Gen. Earl Van Dorn: Dixie girls thought he was handsome, more proof Dixie was insane.
If you ever need to remind yourself that military command isn’t as glamorous as people think, it doesn’t hurt to go over the short, ridiculous Civil-War career of Earl Van Dorn.
He’s one of those “dashing” Southern commanders who got a coat of tinsel from writers like Shelby Foote, who never met a Dixie nutcase he didn’t admire. These guys always come off much better than they really deserve in Foote’s stories. Foote goes on and on about how much they suffered for “the Cause,” and conveniently leaves out a couple of important points. One: The Cause was, like Grant said after, “one of the worst for which men ever fought.” And Two: A lot of that big-time suffering was self-inflicted, because these guys were more interested in making “a burning name” for themselves than thinking about war like grownups. Actually it’s worse than that: the suffering caused by idiots like Van Dorn wasn’t suffered by themselves, it was suffered by the poor gullible white trash who followed on foot, bare feet most of the time, while the romantic idiots rode ahead on horses they hadn’t even paid for.
That ridiculous quote, “a burning name,” comes direct from Van Dorn himself. That’s what he said he was looking for in the war. There’s a whole set of words that are nature’s way of saying, “Don’t follow this idiot into combat.” Another good one is “elan.” Stay away from elan. Others are real, and important, but dangerous when some fool with epaulettes think they can substitute for logistics, like “esprit de corps.” Esprit is great, but you have to make sure there are supplies for the men too, even if it means going through every page of the Georgia census and tax returns the way Sherman did when he planned his march. The way he did the math to see how many trains he’d need, how many cars, before moving on Atlanta. Math, accounting, admin—being a real commander means dealing with all that boring stuff.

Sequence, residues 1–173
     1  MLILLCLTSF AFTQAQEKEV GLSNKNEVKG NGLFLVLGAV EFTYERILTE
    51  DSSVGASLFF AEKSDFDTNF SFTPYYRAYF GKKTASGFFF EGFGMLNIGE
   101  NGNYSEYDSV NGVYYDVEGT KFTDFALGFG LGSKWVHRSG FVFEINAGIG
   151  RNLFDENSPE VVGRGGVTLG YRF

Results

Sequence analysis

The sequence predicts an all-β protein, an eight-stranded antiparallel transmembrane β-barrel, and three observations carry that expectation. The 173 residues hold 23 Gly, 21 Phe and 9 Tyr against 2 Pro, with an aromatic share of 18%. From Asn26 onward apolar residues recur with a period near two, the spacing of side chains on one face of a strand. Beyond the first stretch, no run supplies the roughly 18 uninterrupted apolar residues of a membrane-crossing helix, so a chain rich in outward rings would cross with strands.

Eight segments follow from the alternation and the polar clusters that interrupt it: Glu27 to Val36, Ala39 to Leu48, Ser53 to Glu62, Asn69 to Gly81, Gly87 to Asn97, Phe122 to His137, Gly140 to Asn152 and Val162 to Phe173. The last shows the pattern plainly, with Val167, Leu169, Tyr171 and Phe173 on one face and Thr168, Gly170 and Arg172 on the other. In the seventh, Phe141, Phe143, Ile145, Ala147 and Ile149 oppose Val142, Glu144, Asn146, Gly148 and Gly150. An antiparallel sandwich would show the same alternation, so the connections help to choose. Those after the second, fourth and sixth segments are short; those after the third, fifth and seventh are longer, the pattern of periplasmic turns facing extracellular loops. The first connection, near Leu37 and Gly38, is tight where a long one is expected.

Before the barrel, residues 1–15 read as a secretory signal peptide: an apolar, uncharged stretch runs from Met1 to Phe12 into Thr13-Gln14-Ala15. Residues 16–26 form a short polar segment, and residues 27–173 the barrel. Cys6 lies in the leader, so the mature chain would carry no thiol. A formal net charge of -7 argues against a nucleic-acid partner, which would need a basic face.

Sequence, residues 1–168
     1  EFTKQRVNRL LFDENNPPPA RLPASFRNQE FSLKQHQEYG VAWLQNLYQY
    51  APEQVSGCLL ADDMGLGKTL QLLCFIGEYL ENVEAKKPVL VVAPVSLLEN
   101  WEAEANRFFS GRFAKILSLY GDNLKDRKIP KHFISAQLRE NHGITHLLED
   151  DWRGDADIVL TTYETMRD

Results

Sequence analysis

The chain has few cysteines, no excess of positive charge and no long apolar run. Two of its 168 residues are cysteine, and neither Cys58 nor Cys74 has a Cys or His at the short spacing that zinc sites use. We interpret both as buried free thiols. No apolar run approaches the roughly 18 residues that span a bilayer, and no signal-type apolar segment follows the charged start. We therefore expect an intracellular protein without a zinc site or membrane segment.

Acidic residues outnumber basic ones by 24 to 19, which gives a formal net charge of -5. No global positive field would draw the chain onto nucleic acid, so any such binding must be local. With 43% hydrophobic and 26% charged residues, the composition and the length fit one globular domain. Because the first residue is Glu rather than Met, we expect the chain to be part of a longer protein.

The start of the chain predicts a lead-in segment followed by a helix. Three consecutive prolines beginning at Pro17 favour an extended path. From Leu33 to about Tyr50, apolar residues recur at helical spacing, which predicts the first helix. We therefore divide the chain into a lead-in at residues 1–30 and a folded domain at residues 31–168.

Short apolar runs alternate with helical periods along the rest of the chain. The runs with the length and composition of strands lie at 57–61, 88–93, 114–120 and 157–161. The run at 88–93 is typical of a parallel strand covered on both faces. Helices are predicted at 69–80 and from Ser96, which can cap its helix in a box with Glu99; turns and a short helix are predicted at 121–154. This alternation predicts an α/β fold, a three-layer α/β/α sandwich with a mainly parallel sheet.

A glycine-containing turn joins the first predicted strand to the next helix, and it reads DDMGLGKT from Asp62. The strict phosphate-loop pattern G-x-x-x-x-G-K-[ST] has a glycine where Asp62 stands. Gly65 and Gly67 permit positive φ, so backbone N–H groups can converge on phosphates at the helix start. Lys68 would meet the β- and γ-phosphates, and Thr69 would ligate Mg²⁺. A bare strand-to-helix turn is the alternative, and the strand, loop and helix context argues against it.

Van Dorn ignored all that, and that’s why he lost every battle in which he held a large command. He was no genius, 52nd out of 56 in his West Point class–but that’s not always a good indication of a smart general. After all, Grant ranked in the low-middle at West Point, didn’t stand out at anything except horsemanship and math. Besides, plenty of West Point academic stars like Halleck (third in his class) and McClellan (second in his class) bombed in combat.
But even if you don’t have to be a genius to be a good general, you do have to be a grownup. If you’re not, you get so “dashing” you dash around without thinking about dull stuff like food and ammo and fuel. Oh, sure, I know you’re thinking, what about Patton, huh Brecher? Patton was just a big kid, and he was a great general. Or Pancho Villa? Pretty macho and hard-charging, and it worked for him, didn’t it? Well, I got two snapshots for you:
1. Pancho Villa at a staff conference after the first day of Celaya, the biggest battle of the Mexican Civil War and his life, after his lieutenants tell him “We’re running short of ammo,” replies “Courage will be our ammunition.” Next morning they charge Obregon’s lines; Obregon’s using actual lead ammo. Guess what happens.
2. Patton runs out of gas in the middle of Operation Market Garden. I know, I know, it wasn’t his fault, but all the same I can’t imagine Eisenhower or Abrams hitting the pedal and mumbling, “Uh I fergot ta check the gas guage.”
Boyish generals have their place: in the cavalry, around brigade level. Van Dorn was promoted way beyond that because the South was a romantic delusion itself so it just naturally loved delusional romantics when it was picking generals. And in the west, at least, where Van Dorn operated, they got what you’d expect: rotten, lousy generals. Van Dorn was one of the worst: just plain silly, a kid on horseback. Mark Twain always said that all those romantic novels and poems were what got the South screwed, and Van Dorn was the living proof. Well, “living” until 1863, when he finally died of romance, but I’ll get to that.